According to theories of event cognition, people parse information into event models, and this parsing can have meaningful influences on cognition. The current study explores the idea that by parsing a larger set of narrative information into separate events, memory for that text can be improved. Specifically, this event parsing may create reduced interference, thereby facilitating memory. Alternatively, it may be that people encode information at an event boundary, which causes an increase only for memory at that point. Moreover, in may be that increasing the number of event boundaries can give an even larger benefit. Some pilot work suggested that this may be the case, but this work was not definitive. In the following experiments, people were given sets of stories to read in which the number of event boundaries was explicitly manipulated. The results of this work show there is improved memory overall for the narrative as a whole, which has implications for theories of event cognition, as well as for theories of memory more generally.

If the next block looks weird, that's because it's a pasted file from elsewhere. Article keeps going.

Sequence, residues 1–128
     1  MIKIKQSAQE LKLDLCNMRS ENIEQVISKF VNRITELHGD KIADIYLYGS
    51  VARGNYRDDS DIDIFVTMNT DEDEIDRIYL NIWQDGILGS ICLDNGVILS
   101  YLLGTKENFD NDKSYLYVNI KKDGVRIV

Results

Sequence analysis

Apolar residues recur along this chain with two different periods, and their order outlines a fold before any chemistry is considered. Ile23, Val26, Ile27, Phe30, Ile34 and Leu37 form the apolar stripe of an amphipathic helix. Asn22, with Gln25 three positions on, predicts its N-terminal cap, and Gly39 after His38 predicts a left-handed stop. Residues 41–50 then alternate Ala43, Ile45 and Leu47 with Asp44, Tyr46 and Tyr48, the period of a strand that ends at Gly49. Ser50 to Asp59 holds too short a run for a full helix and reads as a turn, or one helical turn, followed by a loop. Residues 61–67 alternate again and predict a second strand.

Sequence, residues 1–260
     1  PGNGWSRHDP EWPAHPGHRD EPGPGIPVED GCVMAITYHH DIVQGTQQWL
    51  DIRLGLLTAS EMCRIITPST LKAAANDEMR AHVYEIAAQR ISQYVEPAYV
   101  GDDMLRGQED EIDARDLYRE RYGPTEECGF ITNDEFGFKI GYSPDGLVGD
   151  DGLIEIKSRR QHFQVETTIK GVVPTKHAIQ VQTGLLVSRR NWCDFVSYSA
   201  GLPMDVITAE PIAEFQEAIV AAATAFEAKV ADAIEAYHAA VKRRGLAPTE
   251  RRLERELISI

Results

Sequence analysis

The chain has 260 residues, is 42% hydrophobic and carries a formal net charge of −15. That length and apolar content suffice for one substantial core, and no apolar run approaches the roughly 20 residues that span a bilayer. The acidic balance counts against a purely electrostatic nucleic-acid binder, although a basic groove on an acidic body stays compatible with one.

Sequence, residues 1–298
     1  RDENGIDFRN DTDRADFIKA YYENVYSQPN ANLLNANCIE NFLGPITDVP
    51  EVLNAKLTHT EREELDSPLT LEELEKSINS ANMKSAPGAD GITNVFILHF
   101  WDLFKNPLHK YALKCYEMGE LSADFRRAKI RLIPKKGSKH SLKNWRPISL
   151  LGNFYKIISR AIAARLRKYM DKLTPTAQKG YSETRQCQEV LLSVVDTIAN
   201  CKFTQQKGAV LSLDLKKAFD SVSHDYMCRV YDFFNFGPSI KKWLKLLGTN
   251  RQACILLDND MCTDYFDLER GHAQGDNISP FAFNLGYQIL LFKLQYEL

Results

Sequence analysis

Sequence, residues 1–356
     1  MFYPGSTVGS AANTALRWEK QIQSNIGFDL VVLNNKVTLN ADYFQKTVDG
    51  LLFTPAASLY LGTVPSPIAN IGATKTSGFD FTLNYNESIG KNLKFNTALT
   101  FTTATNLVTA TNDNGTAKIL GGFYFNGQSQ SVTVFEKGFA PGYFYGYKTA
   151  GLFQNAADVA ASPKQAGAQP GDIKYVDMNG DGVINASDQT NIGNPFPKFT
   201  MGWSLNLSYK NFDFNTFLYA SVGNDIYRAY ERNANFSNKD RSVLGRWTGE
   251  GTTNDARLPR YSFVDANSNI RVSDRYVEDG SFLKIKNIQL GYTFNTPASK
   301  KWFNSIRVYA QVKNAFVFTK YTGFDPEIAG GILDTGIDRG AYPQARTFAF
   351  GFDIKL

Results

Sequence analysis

|Author||Alexis Nicole Thompson|
|Contributor||James Brockmole, Committee Member|
|Contributor||Julie Turner, Committee Member|
|Contributor||Gabriel Radvansky, Committee Chair|
|Degree Level||Master's Thesis|
|Departments and Units|